Tuesday, November 10, 2009

Darfur: Designer rag dolls for Darfur

By Alecia D. McKenzie - IPS

Designer Doll by Giorgio Armani.
Credit:Jean-Francois Aloisi

Republished permission Inter Press Service (IPS ) copyright Inter Press Service (IPS)
http://www.ipsnewsasia.net/ and http://www.ipsnews.net/

PARIS, Nov 9 (IPS) - Designer rag dolls, the concept couldn’t sound more frivolous. But dolls made by top fashion designers such as Armani and Prada are helping to fund a vaccination programme in war-torn Darfur.

From small beginnings six years ago, the "Frimousses de Créateurs" (Designers’ Dolls) project has grown to include about a hundred designers as well as prominent artists such as Damien Hirst and Jeff Koons, who are known for their provocative and controversial artwork.

Entertainers, too, have joined the cast, with French singer France Gall and outspoken actress Isabelle Adjani making dolls out of fabric and decorating them in their own fashion.

Last year, the doll project, coordinated by the United Nations Children’s Fund (UNICEF), financed polio vaccinations for more than 160,000 children and tuberculosis shots for 183,000 newborns in Darfur, a conflict-ridden region of Sudan.

The organisation estimates that more than 2 million children under the age of 18 have been affected by the humanitarian crisis in Darfur, a consequence of the on-going conflict that began there in 2003. Thousands of civilians have been killed and women raped in the war, among other atrocities.

"As an artist, as a creator, I have a role to play, a posture to achieve," French designer Sonia Rykiel told IPS in an e-mail interview. "An artist needs to be close to what’s happening around him: in politics, sociology, ecology. I try to get as much involved as I can into the world I live in. I cannot just create and turn my back on world issues."

The dolls will be on public display at the Petit Palais fine arts museum in Paris from Nov. 10 to 15. They will then be sold by auction house Drouot Montaigne on Nov. 19, a day before the 20th anniversary of the signing of the United Nations Convention on the Rights of the Child.

The most expensive doll auctioned so far was designed by Chanel and raised 23,000 euros, UNICEF told IPS. That sum contributed to the total of 227,000 euros raised in 2008 - a nearly six-fold increase since 2003.

"From a very small start, we’ve now convinced the major designers to take part," says Magali Riedel, head of the project and a long-term volunteer with UNICEF. "We pushed and worked hard for this to happen because the lives of tens of thousands of children are at stake."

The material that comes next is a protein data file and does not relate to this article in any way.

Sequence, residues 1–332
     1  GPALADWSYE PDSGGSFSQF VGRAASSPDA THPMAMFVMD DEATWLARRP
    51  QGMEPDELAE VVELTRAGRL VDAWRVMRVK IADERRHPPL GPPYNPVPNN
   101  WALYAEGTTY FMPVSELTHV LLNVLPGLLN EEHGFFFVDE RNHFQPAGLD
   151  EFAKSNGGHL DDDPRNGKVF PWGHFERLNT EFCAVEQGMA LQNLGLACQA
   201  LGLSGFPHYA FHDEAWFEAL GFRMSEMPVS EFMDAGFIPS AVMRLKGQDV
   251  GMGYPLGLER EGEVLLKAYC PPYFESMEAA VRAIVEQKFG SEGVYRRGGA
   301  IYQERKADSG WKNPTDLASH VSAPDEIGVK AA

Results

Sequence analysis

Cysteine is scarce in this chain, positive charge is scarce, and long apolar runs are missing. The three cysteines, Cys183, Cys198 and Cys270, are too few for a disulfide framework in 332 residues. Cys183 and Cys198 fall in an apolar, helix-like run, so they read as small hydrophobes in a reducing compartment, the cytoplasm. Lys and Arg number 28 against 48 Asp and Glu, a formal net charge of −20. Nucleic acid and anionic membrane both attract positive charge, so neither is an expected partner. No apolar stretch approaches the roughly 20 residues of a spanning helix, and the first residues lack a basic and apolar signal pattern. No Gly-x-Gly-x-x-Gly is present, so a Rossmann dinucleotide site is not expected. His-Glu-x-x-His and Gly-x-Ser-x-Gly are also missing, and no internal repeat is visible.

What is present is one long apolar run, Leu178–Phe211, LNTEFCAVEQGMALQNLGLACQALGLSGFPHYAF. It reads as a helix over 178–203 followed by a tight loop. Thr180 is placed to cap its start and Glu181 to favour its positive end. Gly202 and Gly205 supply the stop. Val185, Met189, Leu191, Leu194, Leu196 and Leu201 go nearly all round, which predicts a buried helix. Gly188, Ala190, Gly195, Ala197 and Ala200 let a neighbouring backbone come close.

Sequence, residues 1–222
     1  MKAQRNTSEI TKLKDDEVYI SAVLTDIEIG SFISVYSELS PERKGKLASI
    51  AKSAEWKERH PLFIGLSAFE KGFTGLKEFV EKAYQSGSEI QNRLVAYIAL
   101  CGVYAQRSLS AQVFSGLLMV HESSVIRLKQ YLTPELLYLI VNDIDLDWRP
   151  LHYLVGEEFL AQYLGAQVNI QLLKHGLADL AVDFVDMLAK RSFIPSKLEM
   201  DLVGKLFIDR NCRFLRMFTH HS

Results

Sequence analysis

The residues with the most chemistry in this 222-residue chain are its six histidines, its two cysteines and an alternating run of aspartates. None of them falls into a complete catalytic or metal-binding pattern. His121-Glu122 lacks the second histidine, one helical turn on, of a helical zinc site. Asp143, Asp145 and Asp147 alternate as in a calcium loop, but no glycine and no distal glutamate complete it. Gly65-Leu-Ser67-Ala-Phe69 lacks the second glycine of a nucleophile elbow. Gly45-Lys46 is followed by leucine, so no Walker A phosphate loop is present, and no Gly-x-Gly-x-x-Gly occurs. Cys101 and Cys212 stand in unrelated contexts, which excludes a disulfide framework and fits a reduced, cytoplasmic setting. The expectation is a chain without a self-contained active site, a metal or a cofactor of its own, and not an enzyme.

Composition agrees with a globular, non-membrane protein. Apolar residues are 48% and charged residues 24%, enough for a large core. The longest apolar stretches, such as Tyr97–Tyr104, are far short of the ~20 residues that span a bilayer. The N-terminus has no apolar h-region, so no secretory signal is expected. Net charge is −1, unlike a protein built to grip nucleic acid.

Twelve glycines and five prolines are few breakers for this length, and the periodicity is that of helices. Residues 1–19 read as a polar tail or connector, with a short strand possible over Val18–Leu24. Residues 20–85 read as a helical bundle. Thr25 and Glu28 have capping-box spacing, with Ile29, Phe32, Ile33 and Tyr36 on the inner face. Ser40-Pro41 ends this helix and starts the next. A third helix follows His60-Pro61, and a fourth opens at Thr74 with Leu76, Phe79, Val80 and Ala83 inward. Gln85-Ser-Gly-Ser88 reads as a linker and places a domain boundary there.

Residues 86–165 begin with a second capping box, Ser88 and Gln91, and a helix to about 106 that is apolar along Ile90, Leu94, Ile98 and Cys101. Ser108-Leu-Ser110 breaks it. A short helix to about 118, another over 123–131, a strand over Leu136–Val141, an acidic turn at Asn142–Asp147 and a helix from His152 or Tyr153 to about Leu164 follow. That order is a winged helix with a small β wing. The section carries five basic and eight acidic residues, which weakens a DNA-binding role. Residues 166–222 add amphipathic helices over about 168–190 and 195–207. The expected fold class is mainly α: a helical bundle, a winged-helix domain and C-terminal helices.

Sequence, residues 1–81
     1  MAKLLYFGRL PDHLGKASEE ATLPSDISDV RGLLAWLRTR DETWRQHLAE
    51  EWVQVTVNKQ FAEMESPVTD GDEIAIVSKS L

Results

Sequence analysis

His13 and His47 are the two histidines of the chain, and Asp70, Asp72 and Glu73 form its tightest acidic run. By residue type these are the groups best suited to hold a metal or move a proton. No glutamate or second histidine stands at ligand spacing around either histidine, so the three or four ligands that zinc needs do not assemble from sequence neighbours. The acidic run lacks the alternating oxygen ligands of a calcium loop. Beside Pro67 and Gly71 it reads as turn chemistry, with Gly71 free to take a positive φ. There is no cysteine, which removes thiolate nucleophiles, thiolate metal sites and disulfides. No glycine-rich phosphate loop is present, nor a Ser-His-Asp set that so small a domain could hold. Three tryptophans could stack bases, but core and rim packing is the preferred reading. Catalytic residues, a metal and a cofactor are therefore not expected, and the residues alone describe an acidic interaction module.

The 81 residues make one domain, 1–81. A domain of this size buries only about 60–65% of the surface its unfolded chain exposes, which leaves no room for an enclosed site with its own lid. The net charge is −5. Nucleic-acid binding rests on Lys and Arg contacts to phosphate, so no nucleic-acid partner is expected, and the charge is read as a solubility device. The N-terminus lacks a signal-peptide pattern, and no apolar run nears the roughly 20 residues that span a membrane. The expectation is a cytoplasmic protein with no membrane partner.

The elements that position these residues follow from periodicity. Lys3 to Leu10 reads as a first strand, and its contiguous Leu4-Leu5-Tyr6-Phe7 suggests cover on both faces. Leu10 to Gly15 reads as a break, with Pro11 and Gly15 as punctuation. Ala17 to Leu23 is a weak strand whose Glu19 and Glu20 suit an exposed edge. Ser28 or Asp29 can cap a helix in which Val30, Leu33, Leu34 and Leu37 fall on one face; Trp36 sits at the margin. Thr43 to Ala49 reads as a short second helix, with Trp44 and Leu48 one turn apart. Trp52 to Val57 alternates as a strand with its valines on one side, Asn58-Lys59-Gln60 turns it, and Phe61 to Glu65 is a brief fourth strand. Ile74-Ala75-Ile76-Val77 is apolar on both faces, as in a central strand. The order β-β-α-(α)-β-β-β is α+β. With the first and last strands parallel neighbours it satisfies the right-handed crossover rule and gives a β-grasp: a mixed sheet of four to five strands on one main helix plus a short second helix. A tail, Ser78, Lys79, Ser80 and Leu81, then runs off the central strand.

Despite the economic crisis, the amount gained could be even greater this year because of the higher number of participants and corporate sponsors - who cover the operating costs of the project. UNICEF says it expects to inoculate at least 260,000 infants in 2010 as well as 195,000 pregnant women who will receive anti-tetanus vaccines.

Earlier this year the Sudanese government expelled several humanitarian groups after the International Criminal Court (ICC) filed war-crime charges against Sudanese President Omar al-Bashir.

The French section of Médecins Sans Frontières (Doctors Without Borders) was one of the groups expelled in March, and a spokesperson said vaccinations had been part of their work as it was "important in every context".

Dr. Anne Loarec, who worked as an MSF field coordinator in Darfur, told IPS that the group focused on providing anti-tetanus shots for women of child- bearing age, as well as vaccinating children under five against polio, tuberculosis, diphtheria, tetanus and whooping cough.

"We know that certain diseases that could be prevented by vaccines have a very high mortality rate," Loarec said. "With tetanus, for instance, 70 percent of the cases are dying, so you can see the importance of providing access to vaccination and other medical services."

Some of the designers who take part in Frimousses de Créateurs see the project as a way to show that fashion is relevant and can even effect social change.

French-based African designer Mariétou Mariette Dicko said she supported UNICEF because she had worked for the organisation in Mali and understood what was needed for projects in Africa.

"I know that they have to collect funds here and give to other areas in need - in Africa, Asia and Latin America," she told IPS. "That’s why I’m happy to be involved." Since 2004, fashion magazines have focused on her dolls because of the colourful fabric and "definitively" African style.

The "Frimousse" project does not stop with designers, however. To help fund vaccinations in other countries besides Sudan, thousands of schoolchildren in France take part in a similar but separate venture. They make rag dolls which are then sold to adults for 20 euros each. This amount is enough for a full cycle of childhood vaccinations, says Valerie Metzger, a UNICEF projects coordinator who started the scheme in France, following a similar venture in Italy known as "Pigotta".

Metzger says UNICEF provides the body of the doll, and the children bring in bits of fabric, old clothing and other material to create costumes. Before they start, they are told about children’s rights and some of the problems still facing children worldwide. They learn, for instance, that 50 million children are not registered at birth and that some two million die each year because of lack of essential vaccinations.

Like the fashion designers, the students learn that they can help to save lives. Sales of their "frimousses" have funded the vaccination of more than 10,000 children in the past five years, Metzger said.

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